The Storm at Sea: 19th Sunday A

You can hear the homily here: 

I visited Magdala along the Sea of Galilee a few months ago and since then I think differently about the apostles, especially  fishermen apostles like Peter and Andrew, James and John. Magdala, the city of Mary Magdalen, was a center for the fishing industry in Galilee in Jesus’ time, according to archeologists who recently uncovered the city.

It evidently was a prosperous place, and so far from being “poor and ignorant” many of the Galilean fishermen were well-off, savy businessmen who knew their way around.

Did Jesus choose them and the tax-collector, Matthew, because they knew the territory well and would be good guides to  the places he wanted to visit? They knew where to go and how to get there: the Sea of Galilee was their usual highway

But a storm like that described in our gospel today (Matthew 14,22-33) would shake anybody, even the most self-asssured.

When we read a miracle story like the calming of the sea and someone walking on water, we shouldn’t just stop in amazement at the power of Jesus. There’s a lesson to be learned in the story. What’s the lesson here?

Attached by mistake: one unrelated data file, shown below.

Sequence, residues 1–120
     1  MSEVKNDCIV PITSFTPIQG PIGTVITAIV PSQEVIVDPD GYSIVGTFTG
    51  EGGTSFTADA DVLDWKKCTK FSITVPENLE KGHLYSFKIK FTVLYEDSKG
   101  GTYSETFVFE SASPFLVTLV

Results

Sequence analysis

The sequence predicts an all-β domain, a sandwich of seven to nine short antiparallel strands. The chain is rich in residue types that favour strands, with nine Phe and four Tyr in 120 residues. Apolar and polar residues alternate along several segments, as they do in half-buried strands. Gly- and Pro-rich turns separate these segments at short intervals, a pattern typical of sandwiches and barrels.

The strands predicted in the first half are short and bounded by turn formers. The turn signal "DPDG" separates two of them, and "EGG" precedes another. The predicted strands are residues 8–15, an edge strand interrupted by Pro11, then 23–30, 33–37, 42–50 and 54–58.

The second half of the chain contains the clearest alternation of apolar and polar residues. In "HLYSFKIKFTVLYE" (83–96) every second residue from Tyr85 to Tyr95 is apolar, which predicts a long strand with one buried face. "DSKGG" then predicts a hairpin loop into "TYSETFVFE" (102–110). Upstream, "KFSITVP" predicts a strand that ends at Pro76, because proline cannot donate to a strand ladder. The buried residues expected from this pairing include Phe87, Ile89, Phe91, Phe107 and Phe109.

Perhaps  like Peter and the rest of the disciples we can easily fall into thinking that there are some things beyond God’s power–and ours– to do. These were confident men, yet their faith was shaken, like ours often is. When told by Jesus to walk on the water, Peter believed up to a point, then he said, “This can’t be; it’s not possible; it’s beyond his power and mine to do.” In fear and doubt he began to sink.

Doesn’t this happen to us too? We believe, up to a point, and then we doubt. Our doubts about God’s power can be brought about by major events in our world, as ovewhelming as a storm at sea. Wars, terrorist attacks, global warming. How quickly we throw up our hands as if this is all beyond God’s power and ours.

We are all in the same boat. Take a look at the boat on the Sea of Galilee–it’s  the world on the sea of history, it’s the church in time. In storms, they may both look like they’re going to sink. But they wont. Jesus is in the boat.

That’s what the mystery of the Incarnation tells us.

3 thoughts on “The Storm at Sea: 19th Sunday A

  1. Orlando Hernandez

    Our Lord is no “ghost” in the storm. He is our solid and mighty protector. I don’t think I can walk on water like the wonderful Peter. But I know how to swim. If He calls me, and he does, I will dive towards Him. I can’t live without Him.

    Like

  2. Anne Immaculate Oundo

    The storm are the daily obstacles we undergo in our lives. As christians we ought to remain firm in our faith inorder to conquer such obstacles.

    Like

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